CIF: Large: Collaborative Research: Cooperation and Learning over Cognitive Networks

Project: Research project

Project Details

Description

Studies on herding in economics and the social and biological sciences have observed that coordination among multiple agents leads to regular patterns of behavior and swarm intelligence, even when each group member shows very limited behavioral complexity. In ant colonies, for example, individual ants cannot capture rich spatial information from their environment because of their limited, localized sensing ability. Nevertheless, when the ants coordinate their activities together within a colony, the group ends up exhibiting better sensing abilities. Can one explain how and why such manifestations of rational behavior arise at the group level from the interactions of agents with limited individual abilities at the local level? What communication topologies enable such behavior and how much information quantization is performed at the local level? Likewise, self-organization is a remarkable property of nature and it has been observed in several physical and biological systems. Examples include fish joining together in schools, chemicals forming spirals, and sand grains assembling into rippling dunes. In self-organizing systems, a global pattern emerges from the interaction of the individual components of the system. For example, flocks of birds self-organize into V-formations when they need to travel long distances. What type of coordination is employed by the birds to get into this formation? How can other formation topologies be justified? What type of communication patterns enables such formations? Interestingly, a close synergy is evolving between studies on herding and flocking in the social and biological sciences and recent developments in the signal processing and communications communities on cognitive networks. These networks avoid centralized information processing and perform in-network inference and control decisions without relying on fusion centers. This is because solutions that rely on information fusion are not scalable, are hard to adapt to changing network conditions, and create single points of vulnerability and information bottlenecks.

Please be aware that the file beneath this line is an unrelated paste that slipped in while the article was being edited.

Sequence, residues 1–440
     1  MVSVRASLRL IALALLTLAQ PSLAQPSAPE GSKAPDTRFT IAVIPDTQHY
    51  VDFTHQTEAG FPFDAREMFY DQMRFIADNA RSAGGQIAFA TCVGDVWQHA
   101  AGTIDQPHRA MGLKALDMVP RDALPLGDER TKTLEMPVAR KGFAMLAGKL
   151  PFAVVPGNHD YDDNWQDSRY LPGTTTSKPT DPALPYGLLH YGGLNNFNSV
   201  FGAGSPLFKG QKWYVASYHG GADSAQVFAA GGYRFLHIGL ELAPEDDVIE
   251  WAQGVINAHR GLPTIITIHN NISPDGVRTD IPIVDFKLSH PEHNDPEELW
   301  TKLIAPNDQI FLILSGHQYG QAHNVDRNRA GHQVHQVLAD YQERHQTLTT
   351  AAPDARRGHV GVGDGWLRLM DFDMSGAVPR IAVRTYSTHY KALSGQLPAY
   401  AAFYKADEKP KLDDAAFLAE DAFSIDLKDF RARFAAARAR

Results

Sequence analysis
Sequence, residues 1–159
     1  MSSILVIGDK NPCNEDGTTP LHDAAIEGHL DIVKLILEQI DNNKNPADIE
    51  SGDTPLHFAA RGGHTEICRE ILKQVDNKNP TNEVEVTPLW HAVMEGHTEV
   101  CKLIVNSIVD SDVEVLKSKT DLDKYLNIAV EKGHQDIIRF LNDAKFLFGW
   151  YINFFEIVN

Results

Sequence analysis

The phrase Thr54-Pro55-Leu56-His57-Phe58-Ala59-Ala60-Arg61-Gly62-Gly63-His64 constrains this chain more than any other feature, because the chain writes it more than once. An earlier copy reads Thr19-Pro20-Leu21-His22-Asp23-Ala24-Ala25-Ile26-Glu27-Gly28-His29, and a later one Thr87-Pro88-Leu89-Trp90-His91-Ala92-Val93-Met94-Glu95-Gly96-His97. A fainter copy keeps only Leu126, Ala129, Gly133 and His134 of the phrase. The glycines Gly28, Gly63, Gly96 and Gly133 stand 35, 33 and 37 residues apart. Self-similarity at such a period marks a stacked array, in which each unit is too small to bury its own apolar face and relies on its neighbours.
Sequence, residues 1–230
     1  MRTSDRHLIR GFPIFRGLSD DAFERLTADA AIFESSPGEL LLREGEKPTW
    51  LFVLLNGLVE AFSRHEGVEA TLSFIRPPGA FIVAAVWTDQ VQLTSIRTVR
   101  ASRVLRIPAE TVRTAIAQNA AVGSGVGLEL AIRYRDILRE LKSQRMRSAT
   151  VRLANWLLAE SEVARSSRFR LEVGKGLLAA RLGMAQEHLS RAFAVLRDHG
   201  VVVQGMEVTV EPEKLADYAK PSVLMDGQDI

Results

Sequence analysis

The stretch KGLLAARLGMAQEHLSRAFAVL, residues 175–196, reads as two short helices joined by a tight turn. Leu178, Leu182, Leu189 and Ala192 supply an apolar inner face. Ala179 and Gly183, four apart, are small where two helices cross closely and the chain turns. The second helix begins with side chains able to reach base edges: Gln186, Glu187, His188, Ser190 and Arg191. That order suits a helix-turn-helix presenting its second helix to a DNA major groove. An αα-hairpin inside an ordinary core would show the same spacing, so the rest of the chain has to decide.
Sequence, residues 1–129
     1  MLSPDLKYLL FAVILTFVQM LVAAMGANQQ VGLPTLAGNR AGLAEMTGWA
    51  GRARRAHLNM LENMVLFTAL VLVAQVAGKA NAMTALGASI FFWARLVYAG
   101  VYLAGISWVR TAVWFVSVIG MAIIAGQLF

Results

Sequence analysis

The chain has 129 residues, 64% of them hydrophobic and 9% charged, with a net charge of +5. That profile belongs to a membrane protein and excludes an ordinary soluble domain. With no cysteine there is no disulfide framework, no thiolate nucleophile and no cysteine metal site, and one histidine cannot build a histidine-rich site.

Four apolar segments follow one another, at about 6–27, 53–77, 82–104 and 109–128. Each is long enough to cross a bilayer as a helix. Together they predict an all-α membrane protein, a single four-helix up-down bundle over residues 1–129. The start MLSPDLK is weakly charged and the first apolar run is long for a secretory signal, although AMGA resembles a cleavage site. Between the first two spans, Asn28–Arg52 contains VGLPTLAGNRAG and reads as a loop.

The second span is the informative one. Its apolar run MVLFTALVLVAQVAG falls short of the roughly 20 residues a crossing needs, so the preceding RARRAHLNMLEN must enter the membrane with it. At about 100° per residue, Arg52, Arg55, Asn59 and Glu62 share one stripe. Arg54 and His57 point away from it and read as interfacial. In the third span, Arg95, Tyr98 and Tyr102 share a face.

StatusFinished
Effective start/end date9/1/108/31/16

Funding

  • National Science Foundation (NSF): $528,652.00

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